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Publication numberUS4728851 A
Publication typeGrant
Application numberUS 06/338,463
Publication dateMar 1, 1988
Filing dateJan 8, 1982
Priority dateJan 8, 1982
Fee statusLapsed
Publication number06338463, 338463, US 4728851 A, US 4728851A, US-A-4728851, US4728851 A, US4728851A
InventorsJohn J. Lambe
Original AssigneeFord Motor Company
Export CitationBiBTeX, EndNote, RefMan
External Links: USPTO, USPTO Assignment, Espacenet
Field emitter device with gated memory
US 4728851 A
Abstract
A field emitter device utilizing a gate electrode adjacent a carbon fiber electron emitter cathode for controlling the initial flow of electrons between the cathode and a collector element. Subsequent disconnect of the gate electrode from its power source does not affect the electron flow and thereby provides a bistable memory type device. Luminescent material on the collector provides a light emission display at points corresponding to electron flow between the emitter and the collector.
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Claims(13)
I claim:
1. A bistable field emitter comprising:
a filament cathode element having an electron emitting end;
a collector electrode disposed across an evacuated space from said filament cathode in a first direction therefrom;
a gated electrode spaced from the electron emitting end of said filament cathode by a predetermined amount along a plane orthogonal to said first direction;
said electron emitting end of said filament cathode being disposed to point in a second direction orthogonal to said first direction;
whereby a voltage potential of a first predetermined level is applied between said filament cathode and said collector electrode that is not sufficient to cause electron emission from said cathode until a voltage potential of the second predetermined level is applied to said gating electrode, but is sufficient to sustain electron emission from said cathode when said voltage potential of said second predetermined level is subsequently disconnected from said gating electrode.
2. A bistable field emitter as in claim 1, wherein said filament cathode element and said gating electrode are commonly mounted on a first planar substrate and said second direction is parallel to the substrate plane.
3. A bistable field emitter as in claim 2, wherein said collector electrode is mounted on a second planar substrate and said first and second substrates are oppositely disposed to define said evacuated space.
4. A bistable field emitter as in claim 3, wherein at least one of said first and second planar substrates is transparent to visible electromagnetic radiation and said collector electrode is coated with a luminescent film that emits visible electromagnetic radiation through said at least one transparent substrate when electrons flow between said filament cathode element and said collector electrode.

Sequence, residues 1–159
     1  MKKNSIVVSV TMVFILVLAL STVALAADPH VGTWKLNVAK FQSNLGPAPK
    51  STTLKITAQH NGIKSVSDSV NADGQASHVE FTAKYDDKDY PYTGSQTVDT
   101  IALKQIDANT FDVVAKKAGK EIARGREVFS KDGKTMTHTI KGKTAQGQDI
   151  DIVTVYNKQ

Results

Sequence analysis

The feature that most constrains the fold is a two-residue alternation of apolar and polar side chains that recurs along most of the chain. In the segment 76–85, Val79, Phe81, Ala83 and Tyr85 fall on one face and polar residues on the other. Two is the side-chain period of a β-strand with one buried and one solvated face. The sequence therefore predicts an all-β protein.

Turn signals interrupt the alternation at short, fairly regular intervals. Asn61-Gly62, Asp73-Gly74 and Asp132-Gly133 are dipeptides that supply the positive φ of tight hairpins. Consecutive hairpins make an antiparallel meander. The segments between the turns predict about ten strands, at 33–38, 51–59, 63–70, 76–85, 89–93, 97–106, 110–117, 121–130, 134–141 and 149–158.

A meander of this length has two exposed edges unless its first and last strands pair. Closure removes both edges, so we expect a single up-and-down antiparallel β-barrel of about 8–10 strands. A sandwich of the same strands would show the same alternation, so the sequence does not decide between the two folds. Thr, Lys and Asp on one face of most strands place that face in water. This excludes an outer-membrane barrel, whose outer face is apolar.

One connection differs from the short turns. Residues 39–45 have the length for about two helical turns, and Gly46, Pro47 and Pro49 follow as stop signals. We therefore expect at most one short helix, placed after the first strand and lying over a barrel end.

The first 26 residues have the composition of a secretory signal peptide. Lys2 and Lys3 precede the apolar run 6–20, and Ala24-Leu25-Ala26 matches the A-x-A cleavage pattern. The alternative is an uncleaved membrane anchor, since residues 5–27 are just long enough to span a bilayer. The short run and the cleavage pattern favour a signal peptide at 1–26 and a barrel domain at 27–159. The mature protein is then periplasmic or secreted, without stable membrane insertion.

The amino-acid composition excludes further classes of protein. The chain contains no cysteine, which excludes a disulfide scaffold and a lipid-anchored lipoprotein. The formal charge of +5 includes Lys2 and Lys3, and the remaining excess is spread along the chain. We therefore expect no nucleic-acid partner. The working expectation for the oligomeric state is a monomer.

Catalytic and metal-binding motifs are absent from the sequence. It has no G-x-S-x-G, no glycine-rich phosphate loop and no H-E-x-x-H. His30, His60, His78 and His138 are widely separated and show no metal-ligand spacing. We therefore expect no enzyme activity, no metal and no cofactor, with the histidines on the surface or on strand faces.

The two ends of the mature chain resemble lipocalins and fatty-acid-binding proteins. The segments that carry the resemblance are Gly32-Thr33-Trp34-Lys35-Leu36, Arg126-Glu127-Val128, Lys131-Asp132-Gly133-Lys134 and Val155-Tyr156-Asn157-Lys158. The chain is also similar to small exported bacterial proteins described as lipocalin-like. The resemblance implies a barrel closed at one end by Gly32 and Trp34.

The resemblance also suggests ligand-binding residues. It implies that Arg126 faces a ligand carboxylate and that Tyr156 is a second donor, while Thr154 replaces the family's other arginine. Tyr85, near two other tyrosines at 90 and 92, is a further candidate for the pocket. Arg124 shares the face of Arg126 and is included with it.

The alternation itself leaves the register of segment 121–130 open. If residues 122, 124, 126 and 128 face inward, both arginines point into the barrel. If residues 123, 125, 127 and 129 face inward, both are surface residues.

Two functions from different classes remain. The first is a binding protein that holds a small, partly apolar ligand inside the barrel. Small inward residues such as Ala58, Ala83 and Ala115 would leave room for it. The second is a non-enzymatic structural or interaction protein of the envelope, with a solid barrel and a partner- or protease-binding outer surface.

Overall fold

5. A field emitter device comprising:
a first substrate having defined inner and outer surfaces;
a second substrate having defined inner and outer surfaces;
said inner surfaces of said first and second substrates being oppositely disposed across an evacuated space;
cathode means for supplying electrons to said space, said cathode means being disposed on the inner surface of said first substrate and being connected to an electron source;
collector means for collecting electrons flowing across said space from said cathode means, said collector means being disposed on the inner surface of said second substrate and being connected to a first relatively positive voltage potential; and
gate electode for initiating said flow of electrons between said cathode means and said collector, said gate electrode means being disposed on said inner surface of said first substrate, laterally spaced from said cathode means by a predetermined amount and being switchably connectable to a second relatively positive voltage potential and wherein said cathode means is a carbon filament having a field emitting end point oriented along said inner surface of said first substrate and directed towards said gate electrode.
6. A device, as in claim 5, wherein said collector means is a layer of conductive material deposited on said internal surface of said second substrate.
7. A device, as in claim 6, wherein one of said substrates is transparent, said collector means is coated with a luminescent film; and said device emits electromagnetic radiation through said transparent substrate when electrons flow between said cathode means and said collector means.